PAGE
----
If anyone is in control, or at least has the illusion of being in control, it’s the referees. Fairly or not, the refs receive our blame, bear the brunt of our shame. Blame the refs all you want, but remember that old saying: When you point your finger at someone else, three fingers are pointing back at you.
That goes for the fans as well.
And players and coaches, too.
• I mentioned Joakim earlier, and here’s a link to an online-only thing I wrote about hanging out with him one day two summers ago. I’ve enjoyed seeing Joakim really find his game this season, and it’s been hilarious seeing him bait the Cleveland fans into putting all their ire onto him. He really, honestly doesn’t care what they think about him, and he’s been in enough big-time situations to handle the pressure.
• Many years ago, I stumbled into a casual relationship with a writer named Mike Sager, a man who’s work I’d been reading my entire life, in small regional publications such as Rolling Stone, GQ and Esquire.
Since then Mike has become a dear friend and something of a mentor to me. Last night here in NYC they held the annual National Magazine Awards, and this story Mike wrote about the sad, strange life of Todd Marinovich was named the magazine profile of the year. If you didn’t read it when it came out, you should read it now. And if you are a writer, you could do a lot worse than reading Mike’s tips for writers on his website.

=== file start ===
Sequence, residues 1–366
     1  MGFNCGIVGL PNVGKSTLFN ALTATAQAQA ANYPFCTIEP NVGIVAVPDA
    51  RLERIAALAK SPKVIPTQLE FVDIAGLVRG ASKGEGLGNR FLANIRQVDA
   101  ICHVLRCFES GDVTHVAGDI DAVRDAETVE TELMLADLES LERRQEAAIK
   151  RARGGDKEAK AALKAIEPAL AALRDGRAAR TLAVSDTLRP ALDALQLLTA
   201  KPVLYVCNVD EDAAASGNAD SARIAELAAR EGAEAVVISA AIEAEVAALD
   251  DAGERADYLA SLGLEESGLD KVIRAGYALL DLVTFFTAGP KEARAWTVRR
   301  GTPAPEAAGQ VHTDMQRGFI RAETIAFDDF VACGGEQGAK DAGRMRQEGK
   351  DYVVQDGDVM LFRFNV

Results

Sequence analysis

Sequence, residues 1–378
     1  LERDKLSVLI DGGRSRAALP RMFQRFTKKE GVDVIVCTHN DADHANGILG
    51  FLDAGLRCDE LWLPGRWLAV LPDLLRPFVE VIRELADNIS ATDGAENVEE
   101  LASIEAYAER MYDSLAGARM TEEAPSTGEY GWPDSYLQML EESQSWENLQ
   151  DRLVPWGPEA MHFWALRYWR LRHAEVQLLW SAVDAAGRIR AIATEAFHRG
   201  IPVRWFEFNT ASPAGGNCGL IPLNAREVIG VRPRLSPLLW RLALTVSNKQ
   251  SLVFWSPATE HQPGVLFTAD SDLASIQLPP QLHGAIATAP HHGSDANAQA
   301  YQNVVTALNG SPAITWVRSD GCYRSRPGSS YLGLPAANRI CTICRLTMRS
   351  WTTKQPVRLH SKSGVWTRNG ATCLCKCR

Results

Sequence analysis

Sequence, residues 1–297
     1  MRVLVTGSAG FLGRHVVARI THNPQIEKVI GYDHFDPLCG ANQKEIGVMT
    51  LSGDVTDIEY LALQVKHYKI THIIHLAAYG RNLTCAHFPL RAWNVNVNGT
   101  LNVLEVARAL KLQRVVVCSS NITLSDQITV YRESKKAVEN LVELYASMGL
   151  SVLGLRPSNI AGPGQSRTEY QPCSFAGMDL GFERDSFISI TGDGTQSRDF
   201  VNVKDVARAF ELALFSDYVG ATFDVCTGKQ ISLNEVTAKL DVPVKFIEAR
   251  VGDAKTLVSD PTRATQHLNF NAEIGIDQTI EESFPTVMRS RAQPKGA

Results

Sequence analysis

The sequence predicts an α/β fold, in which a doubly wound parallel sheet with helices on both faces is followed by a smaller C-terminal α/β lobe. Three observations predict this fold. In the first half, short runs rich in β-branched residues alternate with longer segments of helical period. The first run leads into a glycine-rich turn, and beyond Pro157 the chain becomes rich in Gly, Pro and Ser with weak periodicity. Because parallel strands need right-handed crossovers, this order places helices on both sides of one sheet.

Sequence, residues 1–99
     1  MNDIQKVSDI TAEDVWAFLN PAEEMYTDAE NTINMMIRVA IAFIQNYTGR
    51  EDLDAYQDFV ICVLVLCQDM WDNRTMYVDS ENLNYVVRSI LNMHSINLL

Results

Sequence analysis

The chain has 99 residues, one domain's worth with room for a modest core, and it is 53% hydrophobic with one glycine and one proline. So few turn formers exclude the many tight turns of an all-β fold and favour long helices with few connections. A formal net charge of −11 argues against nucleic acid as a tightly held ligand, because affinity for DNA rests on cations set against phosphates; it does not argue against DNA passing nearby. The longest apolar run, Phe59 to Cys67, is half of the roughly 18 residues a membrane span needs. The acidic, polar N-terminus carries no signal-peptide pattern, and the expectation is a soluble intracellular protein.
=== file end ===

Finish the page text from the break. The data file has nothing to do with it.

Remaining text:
Anyway, just wanted to say congrats to Mike. Always good when a Linkstigator and SLAM subscriber wins big. Drinks are on me tonight. Well, the first round.
• Finally, I loved this story on Danilo Gallinari from an Italian news site, if only because of the clumsy translation. When asked about playing basketball this summer, Gallo (allegedly) says…
“I would like to play but there are some factors to consider: my body and to be ready for the next season with Knicks. I really hope LeBron James (the best player in the League according to Gallinari) will be a Knick.”
Hey, if Gallinari says LeBron is the best, it must be true!
Also, the quote just reads like Gallinari is now conditioned to recruit LeBron in all facets of life. Like if you went to lunch with Gallinari, he’d tell the waiter, “I’ll have the house salad. I really hope LeBron James will be a Knick.”
• That’s it. Fun week in the NBA. I’ll be back on Monday with thoughts and comments from the weekend.
Have a great weekend…